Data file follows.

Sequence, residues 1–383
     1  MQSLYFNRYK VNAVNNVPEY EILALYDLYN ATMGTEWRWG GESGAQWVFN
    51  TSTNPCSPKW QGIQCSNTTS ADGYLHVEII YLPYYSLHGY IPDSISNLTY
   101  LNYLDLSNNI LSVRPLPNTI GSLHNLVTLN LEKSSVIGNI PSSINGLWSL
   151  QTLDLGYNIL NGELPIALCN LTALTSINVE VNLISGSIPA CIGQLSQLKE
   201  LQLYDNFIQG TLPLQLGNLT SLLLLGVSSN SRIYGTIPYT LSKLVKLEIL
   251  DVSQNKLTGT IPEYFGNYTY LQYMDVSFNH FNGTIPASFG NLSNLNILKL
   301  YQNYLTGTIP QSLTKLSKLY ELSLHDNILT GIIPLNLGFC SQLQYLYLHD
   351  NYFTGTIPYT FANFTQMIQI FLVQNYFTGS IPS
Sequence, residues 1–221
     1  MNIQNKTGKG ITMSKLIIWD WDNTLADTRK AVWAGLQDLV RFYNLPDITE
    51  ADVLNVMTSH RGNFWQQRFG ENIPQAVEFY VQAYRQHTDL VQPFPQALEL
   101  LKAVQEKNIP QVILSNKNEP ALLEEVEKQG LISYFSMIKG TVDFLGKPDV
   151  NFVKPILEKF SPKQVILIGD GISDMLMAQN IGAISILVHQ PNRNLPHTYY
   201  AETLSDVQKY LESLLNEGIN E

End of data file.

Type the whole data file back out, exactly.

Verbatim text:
Sequence, residues 1–383
     1  MQSLYFNRYK VNAVNNVPEY EILALYDLYN ATMGTEWRWG GESGAQWVFN
    51  TSTNPCSPKW QGIQCSNTTS ADGYLHVEII YLPYYSLHGY IPDSISNLTY
   101  LNYLDLSNNI LSVRPLPNTI GSLHNLVTLN LEKSSVIGNI PSSINGLWSL
   151  QTLDLGYNIL NGELPIALCN LTALTSINVE VNLISGSIPA CIGQLSQLKE
   201  LQLYDNFIQG TLPLQLGNLT SLLLLGVSSN SRIYGTIPYT LSKLVKLEIL
   251  DVSQNKLTGT IPEYFGNYTY LQYMDVSFNH FNGTIPASFG NLSNLNILKL
   301  YQNYLTGTIP QSLTKLSKLY ELSLHDNILT GIIPLNLGFC SQLQYLYLHD
   351  NYFTGTIPYT FANFTQMIQI FLVQNYFTGS IPS
Sequence, residues 1–221
     1  MNIQNKTGKG ITMSKLIIWD WDNTLADTRK AVWAGLQDLV RFYNLPDITE
    51  ADVLNVMTSH RGNFWQQRFG ENIPQAVEFY VQAYRQHTDL VQPFPQALEL
   101  LKAVQEKNIP QVILSNKNEP ALLEEVEKQG LISYFSMIKG TVDFLGKPDV
   151  NFVKPILEKF SPKQVILIGD GISDMLMAQN IGAISILVHQ PNRNLPHTYY
   201  AETLSDVQKY LESLLNEGIN E